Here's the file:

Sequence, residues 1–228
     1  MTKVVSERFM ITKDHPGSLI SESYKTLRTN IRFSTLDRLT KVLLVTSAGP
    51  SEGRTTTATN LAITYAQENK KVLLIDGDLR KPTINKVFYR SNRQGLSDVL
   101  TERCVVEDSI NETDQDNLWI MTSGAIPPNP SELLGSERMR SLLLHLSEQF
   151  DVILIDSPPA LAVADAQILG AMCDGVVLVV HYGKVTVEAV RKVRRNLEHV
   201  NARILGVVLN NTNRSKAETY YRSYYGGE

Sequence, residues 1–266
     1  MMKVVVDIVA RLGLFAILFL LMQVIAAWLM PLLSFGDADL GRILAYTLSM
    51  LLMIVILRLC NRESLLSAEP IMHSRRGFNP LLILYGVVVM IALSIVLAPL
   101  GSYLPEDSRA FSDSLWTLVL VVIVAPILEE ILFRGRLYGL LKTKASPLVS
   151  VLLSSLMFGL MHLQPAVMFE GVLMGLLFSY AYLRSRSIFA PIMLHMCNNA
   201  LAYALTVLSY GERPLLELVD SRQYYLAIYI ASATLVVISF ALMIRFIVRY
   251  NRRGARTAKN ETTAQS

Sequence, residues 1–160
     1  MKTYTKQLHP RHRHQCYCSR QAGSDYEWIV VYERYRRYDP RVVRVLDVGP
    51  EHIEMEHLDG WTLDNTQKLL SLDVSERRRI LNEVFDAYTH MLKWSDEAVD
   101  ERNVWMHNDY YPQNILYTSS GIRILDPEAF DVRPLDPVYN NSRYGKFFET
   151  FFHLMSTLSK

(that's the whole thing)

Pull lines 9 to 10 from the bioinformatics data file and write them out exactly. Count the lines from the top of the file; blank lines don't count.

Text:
    51  LLMIVILRLC NRESLLSAEP IMHSRRGFNP LLILYGVVVM IALSIVLAPL
   101  GSYLPEDSRA FSDSLWTLVL VVIVAPILEE ILFRGRLYGL LKTKASPLVS